I generally prefer a looser head on open backs, which is what I generally play. Many of the archtop players on the forum have also expressed a preference for a little less head tension than what is considered "optimal" for a flat head.

The original recordings of Foggy Mountain Breakdown might be considered somewhat "ill-tempered," since Lester Flatt insisted on playing an E major chord behind Earl's e minor.

And then there's the library of Schoenberg's atonal compositions . . . I never understood why they considered that stuff to be so important in music school . . . I'll say no more . . .

Sep 6, 2020 - 9:24:46 PM

774 posts since 11/27/2005

Yep, you can bet I won't say anymore. I never learn.

Sep 7, 2020 - 5:45:45 AM
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4540 posts since 9/7/2009

I have one of these, and it works for me.... Tune Bot.  I thought that I had my head at a G# by ear, and when I checked it with the Tune Bot, I was purty darn close!

Sep 7, 2020 - 6:08:06 AM

banjoez

USA

2368 posts since 7/18/2007

Look for PitchLab Lite.

Edited by - banjoez on 09/07/2020 06:08:32

Sep 7, 2020 - 7:29:38 AM

2176 posts since 2/7/2008

quote:
Originally posted by Mike Rowe

Yep, you can bet I won't say anymore. I never learn.


 

Don't quit on me now! I definitely lack the ability to hear the tap tone and the skill to set up the banjo without some kind of metrics or data. Your post encouraged me to think there might be a way to compensate for my lack of talent. Let's keep experimenting!

Sep 7, 2020 - 10:02:44 AM
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O.D.

USA

3511 posts since 10/29/2003

quote:
Originally posted by Mike Rowe

Yep, you can bet I won't say anymore. I never learn.


Hey Mike 

If a banjo player  post on a thread and no one replies  is he still wrong? LoL!

Everett 

Sep 7, 2020 - 11:54:59 AM

774 posts since 11/27/2005

BNJOMAKR that's nice! I'm for anything to be able to take me right back to where I like it.

Sep 7, 2020 - 5:09:35 PM

2176 posts since 2/7/2008

Mike,

Thanks for starting this thread. As a relative newbie, I use all the setup tools and tricks I can find. Hopefully one day I’ll be one of those experienced players who knows when it’s “just right” but for now I’ll take all the help I can get.

Bnjomakr, thanks for the lead on the TuneBot. Another tool in the arsenal.

Sep 13, 2020 - 6:40:03 AM

lanemb

USA

134 posts since 3/11/2018

Try all the methods you want. You’ll find what works best for you and your instruments.

I have been a tool addict most of my life. That said I don’t see much use in any of the devices used for head tension. The whole goal is to get the sound you like and only your ears know that.

I have found I generally like the head on the tight side. When my banjo starts sounding a little dead or dull with new strings then I give the head a little more tension.

I use to tighten a little more often and that leads to cracked heads. I don’t worry about that so much now that I have more than 1 banjo. It is a bummer when you only have 1 banjo and don’t keep a spare head!

Sep 13, 2020 - 10:38:21 AM

2176 posts since 2/7/2008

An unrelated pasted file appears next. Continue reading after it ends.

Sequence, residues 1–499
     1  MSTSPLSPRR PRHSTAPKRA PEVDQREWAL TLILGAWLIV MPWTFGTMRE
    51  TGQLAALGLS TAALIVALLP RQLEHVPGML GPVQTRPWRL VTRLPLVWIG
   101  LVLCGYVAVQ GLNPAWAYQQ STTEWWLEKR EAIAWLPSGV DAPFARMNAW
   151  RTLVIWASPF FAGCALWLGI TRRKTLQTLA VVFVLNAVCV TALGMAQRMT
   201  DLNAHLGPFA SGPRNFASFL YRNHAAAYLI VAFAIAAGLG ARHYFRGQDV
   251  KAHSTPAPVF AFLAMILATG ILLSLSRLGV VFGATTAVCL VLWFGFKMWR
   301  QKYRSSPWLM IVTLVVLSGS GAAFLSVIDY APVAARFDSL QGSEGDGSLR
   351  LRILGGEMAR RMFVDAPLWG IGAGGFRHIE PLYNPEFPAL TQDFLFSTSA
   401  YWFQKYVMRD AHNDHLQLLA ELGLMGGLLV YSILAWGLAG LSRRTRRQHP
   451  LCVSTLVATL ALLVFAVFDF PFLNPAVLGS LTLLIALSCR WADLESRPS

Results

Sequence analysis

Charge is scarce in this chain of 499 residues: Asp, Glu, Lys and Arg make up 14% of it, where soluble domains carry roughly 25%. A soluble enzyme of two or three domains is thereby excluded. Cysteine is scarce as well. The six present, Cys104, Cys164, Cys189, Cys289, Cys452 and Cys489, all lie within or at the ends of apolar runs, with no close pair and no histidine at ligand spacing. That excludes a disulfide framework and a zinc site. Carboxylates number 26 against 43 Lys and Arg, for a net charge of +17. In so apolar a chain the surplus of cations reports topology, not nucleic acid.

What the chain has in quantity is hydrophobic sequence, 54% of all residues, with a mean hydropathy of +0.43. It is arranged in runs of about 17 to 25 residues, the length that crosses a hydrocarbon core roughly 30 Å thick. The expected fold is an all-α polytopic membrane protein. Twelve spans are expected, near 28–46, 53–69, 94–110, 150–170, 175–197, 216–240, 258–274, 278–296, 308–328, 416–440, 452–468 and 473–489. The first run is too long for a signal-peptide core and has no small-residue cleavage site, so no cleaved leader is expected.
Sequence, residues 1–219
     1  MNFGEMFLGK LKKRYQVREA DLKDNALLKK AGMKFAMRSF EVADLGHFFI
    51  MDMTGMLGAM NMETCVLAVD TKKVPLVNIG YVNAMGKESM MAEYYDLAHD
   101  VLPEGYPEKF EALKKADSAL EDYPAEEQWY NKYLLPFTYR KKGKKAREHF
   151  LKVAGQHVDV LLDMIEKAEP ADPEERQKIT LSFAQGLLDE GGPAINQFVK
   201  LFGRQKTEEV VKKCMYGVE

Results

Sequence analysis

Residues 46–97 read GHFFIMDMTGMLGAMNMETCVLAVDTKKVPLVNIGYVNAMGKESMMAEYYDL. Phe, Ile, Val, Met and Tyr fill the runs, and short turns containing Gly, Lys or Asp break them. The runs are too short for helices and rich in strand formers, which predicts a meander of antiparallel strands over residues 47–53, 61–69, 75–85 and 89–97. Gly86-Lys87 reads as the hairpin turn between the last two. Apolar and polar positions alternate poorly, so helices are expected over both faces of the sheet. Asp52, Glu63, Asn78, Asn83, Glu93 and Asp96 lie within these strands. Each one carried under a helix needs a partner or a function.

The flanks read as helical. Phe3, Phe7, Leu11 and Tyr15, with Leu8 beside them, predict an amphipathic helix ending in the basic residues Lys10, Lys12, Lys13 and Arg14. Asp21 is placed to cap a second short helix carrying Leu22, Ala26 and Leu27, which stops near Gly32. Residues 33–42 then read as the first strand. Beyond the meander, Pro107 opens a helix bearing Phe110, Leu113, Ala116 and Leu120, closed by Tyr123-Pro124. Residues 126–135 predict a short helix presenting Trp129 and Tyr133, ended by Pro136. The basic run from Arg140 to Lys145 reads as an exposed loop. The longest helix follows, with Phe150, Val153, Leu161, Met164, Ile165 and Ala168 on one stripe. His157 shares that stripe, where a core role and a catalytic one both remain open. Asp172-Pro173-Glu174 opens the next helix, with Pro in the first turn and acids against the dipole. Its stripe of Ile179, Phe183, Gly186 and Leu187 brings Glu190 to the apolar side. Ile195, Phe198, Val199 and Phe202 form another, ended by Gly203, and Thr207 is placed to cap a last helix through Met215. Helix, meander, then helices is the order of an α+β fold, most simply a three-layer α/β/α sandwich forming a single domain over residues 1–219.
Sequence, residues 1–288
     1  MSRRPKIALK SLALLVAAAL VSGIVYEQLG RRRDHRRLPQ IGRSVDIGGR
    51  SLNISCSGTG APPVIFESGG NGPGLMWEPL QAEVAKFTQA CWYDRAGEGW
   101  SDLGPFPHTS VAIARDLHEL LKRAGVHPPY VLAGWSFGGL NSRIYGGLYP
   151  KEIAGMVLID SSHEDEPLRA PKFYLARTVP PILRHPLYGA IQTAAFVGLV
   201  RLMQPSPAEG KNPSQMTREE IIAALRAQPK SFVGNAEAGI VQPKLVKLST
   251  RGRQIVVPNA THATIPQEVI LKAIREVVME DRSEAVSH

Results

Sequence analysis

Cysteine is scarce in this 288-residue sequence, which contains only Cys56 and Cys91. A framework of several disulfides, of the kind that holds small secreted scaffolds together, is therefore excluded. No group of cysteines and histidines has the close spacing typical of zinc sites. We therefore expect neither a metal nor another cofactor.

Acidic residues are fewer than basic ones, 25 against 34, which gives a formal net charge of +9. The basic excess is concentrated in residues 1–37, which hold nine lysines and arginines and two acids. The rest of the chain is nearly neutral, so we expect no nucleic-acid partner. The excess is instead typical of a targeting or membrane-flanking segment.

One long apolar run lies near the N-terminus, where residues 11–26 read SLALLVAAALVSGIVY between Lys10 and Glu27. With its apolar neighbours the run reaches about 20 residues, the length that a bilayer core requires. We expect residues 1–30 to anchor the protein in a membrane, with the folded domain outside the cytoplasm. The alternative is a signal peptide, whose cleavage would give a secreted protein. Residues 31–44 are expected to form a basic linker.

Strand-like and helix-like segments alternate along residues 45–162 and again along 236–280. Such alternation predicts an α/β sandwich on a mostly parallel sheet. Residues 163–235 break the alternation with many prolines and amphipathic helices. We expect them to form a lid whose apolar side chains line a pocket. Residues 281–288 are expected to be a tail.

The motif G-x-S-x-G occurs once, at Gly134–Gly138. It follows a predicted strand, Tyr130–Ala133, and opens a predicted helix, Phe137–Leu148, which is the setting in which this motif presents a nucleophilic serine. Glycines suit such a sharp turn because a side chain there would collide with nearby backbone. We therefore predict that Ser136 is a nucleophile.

I need all the tools I can get!

My banjo sounded lousy and I didn't know why. I thought my head was REALLY tight - it turned out that the tap note (which I couldn't hear) was something like a "D". Taking it to G# (and being able to know that I had) made all the difference. Measuring the tension with a Drum Dial gives me an idea of how to repeat the tension. I also used a torque screwdriver to ensure even nut tension, but it tops out at 100 in-ounces, so I had to do the rest by feel.
I'm now in search of a reasonably priced torque screwdriver with a broader scale, but it seems that "reasonably priced" and "torque screwdriver" aren't found in the sam sentence very often.

Maybe one day, I'll develop the ear that you experienced guys have, but for now, I'll rely on science. Come to think of it, I think I'll stick with the science, 'cause I don't see my ears improving from this point forward!

Sep 13, 2020 - 12:30:25 PM

11138 posts since 6/2/2008

Looking forward to trying PitchLab.

My ability to match the head note comes and goes. Got a DrumDial and my ability to adjust and keep a head to my liking immediately improved. I've learned that 91 produces the sound at which all three of my flatheads sound best. I know that it would make sense for different tone rings, rims, neck wood and bridges to have different DD readings, but to my ear, it's 91.

Whenever I think one of my banjos is losing its sound, if it's not strings going old it's head needing tightening. 

Sometimes I hear the 91 note as A. Sometimes G, which I think makes no sense.

Sep 13, 2020 - 3:51:39 PM
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2176 posts since 2/7/2008

quote:
Originally posted by Old Hickory

Looking forward to trying PitchLab.

 

Sometimes I hear the 91 note as A. Sometimes G, which I think makes no sense.


When I was trying to hear the head note, I'd fret the first string at the 6th fret, play that note and then tap the head. Sometimes everything sounded like G# and sometimes nothing sounded like G#.

 

By the way, I wasn't able to get PitchLab to work for me, but iDrumTune Pro seems to work well. It's $6. I wasn't crazy about spending that, but it does seem to work well. I'd love to have the TuneBot that Bnjomakr mentioned, but it's $100; that's going to need to be an impulse buy!